BOTTOM UP: ANCHORING ENVIRONMENTAL AND SOCIAL STANDARDS IN THE ETHIOPIAN TEXTILE INDUSTRY
The cotton and textile market is one of the most important growth markets for the African continent. However, a range of current challenges are limiting the predicted growth of the sector, and calling into question its reputation as a sustainable procurement market.
Was the cotton artificially irrigated, and does the female cotton farmer earn enough from the crop to send her children to school? Did the workers in the textile factory get sufficient breaks, and were enough fire prevention measures put in place in the factory? Many consumers do not know where their clothes come from, and under what conditions the cotton was grown and processed into textiles. For this reason, it is difficult to judge whether their clothing was produced in a socially responsible and environmentally friendly way.
In 2019, to change this situation, Cotton made in Africa (CmiA) came together with Solidaridad and MVO from the Netherlands, and the Danish Ethical Trading Initiative, to start the Bottom Up project. We work together on environmentally friendly and socially responsible clothing production in Ethiopia, which can be traced from the cotton plant to the finished T-shirt, creating more transparency about our clothing.
Which challenges does textile production pose for people and the environment?
Do you remember the fire in the Tazreen factory in 2012, and the collapse of the Rana Plaza factory in 2013? Many people died in those disasters, clearly demonstrating how important it is to ensure good and safe working conditions. This gallery demonstrates the challenges that can arise in cotton growing and textile production:
- Cultivation of the raw material
In Africa, mostly smallholder farmers grow cotton on their small plots of land, handling every step until the harvest laboriously by hand. The work is hard and the conditions are uncertain. If no appropriate training is provided, dangerous pesticides are used without protection, and water is used inefficiently.
- Processing the raw material
After the harvest, the cotton fibre is separated at the cotton ginneries . The deseeded cotton is then pressed into bales. The working conditions for factory workers are not easy either - safety and sustainability in the workplace are not always guaranteed.
- From the raw material to the finished fabric
The next step is to spin the cotton into thread, which is then woven or knitted into fabric. Precarious working conditions are also found at this stage. Women have no prospects of promotion, they are often underpaid, and they may even be sexually intimidated.
- Further processing of the fabric
The finished fabric is dyed and washed. This requires the use of chemicals that endanger the health of the textile workers. The water generally flows away unfiltered.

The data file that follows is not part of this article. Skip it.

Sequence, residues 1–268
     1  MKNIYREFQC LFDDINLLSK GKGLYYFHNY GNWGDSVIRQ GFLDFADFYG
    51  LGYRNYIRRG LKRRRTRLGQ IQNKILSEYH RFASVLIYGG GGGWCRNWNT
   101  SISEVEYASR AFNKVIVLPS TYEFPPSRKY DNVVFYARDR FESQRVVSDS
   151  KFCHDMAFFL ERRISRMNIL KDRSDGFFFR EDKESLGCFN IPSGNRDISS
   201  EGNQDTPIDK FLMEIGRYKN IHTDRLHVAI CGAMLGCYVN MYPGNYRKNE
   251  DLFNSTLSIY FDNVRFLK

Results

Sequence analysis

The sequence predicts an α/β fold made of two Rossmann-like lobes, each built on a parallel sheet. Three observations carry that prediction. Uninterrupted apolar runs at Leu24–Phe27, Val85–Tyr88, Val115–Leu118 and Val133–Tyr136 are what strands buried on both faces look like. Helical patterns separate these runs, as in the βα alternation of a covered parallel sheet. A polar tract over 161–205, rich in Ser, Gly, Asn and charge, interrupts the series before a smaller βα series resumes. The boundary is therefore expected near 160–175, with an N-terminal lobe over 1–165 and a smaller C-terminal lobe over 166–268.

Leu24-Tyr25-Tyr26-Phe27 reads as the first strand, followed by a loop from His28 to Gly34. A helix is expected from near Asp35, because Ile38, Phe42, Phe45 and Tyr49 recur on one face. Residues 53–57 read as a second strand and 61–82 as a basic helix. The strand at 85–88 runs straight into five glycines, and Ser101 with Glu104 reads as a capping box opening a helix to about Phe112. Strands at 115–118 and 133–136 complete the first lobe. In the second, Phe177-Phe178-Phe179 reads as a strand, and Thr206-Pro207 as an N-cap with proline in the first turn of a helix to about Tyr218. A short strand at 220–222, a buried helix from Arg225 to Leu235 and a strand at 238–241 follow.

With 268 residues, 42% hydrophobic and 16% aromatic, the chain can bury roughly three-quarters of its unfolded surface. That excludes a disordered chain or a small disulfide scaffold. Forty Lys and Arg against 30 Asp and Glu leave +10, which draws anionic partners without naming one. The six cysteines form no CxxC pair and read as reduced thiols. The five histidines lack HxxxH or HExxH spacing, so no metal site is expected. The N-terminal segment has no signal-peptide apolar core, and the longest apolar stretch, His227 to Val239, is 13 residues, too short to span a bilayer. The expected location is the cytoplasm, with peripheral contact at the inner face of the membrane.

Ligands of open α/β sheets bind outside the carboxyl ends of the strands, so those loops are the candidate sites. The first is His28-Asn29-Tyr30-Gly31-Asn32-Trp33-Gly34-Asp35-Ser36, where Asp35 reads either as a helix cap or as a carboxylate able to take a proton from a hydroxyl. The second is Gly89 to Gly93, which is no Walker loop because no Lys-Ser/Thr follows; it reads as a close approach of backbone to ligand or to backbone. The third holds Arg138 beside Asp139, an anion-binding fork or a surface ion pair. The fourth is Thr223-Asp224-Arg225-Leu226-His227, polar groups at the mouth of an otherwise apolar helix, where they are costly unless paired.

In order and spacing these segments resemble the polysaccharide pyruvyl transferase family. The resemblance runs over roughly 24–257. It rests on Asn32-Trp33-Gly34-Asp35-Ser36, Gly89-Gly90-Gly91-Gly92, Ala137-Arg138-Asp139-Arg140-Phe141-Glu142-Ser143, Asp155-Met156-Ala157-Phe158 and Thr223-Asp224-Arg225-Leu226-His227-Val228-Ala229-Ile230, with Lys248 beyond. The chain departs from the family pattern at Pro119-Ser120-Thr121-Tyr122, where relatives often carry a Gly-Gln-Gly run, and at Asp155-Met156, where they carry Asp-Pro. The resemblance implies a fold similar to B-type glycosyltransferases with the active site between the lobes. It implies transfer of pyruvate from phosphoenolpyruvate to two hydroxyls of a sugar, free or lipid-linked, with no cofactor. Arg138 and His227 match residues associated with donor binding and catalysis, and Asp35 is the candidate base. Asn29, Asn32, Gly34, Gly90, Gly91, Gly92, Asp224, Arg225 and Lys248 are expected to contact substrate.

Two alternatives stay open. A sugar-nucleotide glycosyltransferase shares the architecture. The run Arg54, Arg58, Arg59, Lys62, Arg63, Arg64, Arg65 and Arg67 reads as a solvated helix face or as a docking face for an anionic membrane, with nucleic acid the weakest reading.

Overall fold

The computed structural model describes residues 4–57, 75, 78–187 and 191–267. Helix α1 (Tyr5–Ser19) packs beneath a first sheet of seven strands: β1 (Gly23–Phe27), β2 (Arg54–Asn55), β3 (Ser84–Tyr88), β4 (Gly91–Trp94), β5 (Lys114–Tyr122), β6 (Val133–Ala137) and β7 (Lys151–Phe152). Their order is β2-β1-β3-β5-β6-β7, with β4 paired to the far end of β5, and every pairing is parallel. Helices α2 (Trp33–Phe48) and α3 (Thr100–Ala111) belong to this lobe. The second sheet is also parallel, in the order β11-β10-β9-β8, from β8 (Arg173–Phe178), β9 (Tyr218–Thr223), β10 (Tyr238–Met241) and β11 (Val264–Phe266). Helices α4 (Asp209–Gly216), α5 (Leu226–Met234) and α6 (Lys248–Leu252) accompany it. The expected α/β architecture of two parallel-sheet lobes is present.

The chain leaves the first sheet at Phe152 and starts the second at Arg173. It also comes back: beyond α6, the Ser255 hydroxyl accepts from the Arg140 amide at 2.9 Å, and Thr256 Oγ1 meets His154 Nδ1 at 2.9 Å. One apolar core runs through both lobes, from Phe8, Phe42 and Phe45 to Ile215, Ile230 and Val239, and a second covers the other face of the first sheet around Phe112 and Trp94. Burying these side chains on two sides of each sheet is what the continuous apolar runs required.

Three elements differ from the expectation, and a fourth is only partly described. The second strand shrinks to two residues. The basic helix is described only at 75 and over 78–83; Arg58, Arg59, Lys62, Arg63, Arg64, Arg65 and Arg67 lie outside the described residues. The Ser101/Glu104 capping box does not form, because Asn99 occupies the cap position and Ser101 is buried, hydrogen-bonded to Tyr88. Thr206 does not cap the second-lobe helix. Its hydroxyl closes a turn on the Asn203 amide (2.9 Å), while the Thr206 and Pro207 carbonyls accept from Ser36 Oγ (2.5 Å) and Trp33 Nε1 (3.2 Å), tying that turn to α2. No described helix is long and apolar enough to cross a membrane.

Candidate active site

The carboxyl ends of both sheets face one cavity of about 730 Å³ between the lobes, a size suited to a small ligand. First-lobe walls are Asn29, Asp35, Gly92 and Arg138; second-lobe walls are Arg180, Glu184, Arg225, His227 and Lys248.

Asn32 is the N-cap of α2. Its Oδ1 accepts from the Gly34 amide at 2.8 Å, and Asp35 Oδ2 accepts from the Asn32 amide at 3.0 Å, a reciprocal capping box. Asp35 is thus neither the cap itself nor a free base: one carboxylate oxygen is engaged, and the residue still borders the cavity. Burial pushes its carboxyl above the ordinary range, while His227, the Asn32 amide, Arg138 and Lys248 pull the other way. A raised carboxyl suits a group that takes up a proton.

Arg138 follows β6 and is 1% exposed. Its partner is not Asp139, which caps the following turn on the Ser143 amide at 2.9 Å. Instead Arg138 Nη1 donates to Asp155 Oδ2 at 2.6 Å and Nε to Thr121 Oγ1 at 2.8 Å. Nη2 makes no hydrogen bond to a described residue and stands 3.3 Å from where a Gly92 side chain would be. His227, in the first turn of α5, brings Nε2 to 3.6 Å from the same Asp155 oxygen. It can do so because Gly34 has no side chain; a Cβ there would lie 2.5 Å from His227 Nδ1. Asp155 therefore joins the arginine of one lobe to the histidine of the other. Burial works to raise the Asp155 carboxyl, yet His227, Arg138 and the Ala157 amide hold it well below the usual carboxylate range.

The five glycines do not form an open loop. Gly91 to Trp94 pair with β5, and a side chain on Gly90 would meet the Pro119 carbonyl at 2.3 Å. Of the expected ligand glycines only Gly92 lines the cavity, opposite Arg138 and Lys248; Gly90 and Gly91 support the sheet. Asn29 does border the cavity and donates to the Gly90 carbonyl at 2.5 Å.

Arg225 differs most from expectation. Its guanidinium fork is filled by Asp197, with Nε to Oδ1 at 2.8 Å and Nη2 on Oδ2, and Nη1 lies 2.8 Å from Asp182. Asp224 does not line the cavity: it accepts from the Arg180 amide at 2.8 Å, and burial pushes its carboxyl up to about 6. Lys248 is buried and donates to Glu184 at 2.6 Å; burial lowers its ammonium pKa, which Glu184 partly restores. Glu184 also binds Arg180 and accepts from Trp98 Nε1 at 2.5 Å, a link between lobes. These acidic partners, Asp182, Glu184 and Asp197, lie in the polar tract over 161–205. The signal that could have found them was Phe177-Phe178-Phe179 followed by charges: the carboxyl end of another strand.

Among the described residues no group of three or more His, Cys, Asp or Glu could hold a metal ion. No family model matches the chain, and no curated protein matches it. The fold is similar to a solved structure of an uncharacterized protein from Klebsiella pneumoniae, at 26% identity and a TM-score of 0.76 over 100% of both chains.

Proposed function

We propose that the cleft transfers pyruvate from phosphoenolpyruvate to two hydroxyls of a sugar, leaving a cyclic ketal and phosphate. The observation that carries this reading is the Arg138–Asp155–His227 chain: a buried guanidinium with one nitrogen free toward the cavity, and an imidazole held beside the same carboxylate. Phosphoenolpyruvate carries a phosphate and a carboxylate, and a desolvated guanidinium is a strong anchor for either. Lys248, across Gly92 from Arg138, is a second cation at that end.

- From the fabric to the end product:
Finally, the fabric is cut, pressed, and sewed to make finished textiles. This step is also carried out manually. This work is almost always done by women. They normally work very long hours and are not fairly paid. Sexual harassment by male managers is not uncommon.
PREVENTING exploitation and environmental damage
Cotton made in Africa has been active in Sub-Saharan Africa for years, training smallholder farmers in sustainable methods of cotton cultivation, and creating safe working conditions in the cotton ginneries. Ethiopia is one of the eleven countries in Sub-Saharan Africa where CmiA works. Fashion labels and textiles companies are increasingly buying clothes from Africa – among others from Ethiopia – due to the low labour costs and low taxes. This is essentially positive, as the textile sector creates jobs and the potential for development. Additionally, it keeps more of the value creation in the same country.
KNOW WHAT YOU WEAR
Together with our Bottom Up partners, we vigilantly accompany this development. Our aim is to create a sustainable basis for textiles from Ethiopia, as we are convinced that this development must be accompanied by fair wages, secure working conditions, and environmentally friendly production. In this way, we want to ensure that the swift rise of the Ethiopian textile industry does not lead to exploitation and damage to the environment. For this reason, Cotton made in Africa has further extended its work in Ethiopia since 2019 in cooperation with partners. In the Bottom Up project, we work with our partners to train cotton farmers and textile workers on sustainability, and we promote safe and fair working conditions throughout the textiles value chain. Through our project partner, Solidaridad, we also use lobbying work and workshops to ensure that important local government bodies support the project. We also want to ensure that international fashion companies know and support the project, as this should significantly help to create a sustainable textile industry. If fashion companies give customers a chance to have a look behind the scenes, this will enable consumers to wear garments that actively support the people behind our clothes, and keep the ecological impact as low as possible.
WHAT CAN YOU DO YOURSELF?
Would you also like to contribute to a sustainable cotton and textile industry? If so, look for sustainability seals like the Cotton made in Africa label on the product, to support cotton farmers in Africa. And ask your favourite brand how their products are produced. That is how you can make an active contribution to help anchor environmental and social standards in the textile sector.
ABOUT THE BOTTOM UP PROJECT
In the "Bottom Up” project, Cotton made in Africa is cooperating with MVO Nederland, the Danish Ethical Trading Initiative, and the Dutch organisation Solidaridad. The project receives funding from the European Union.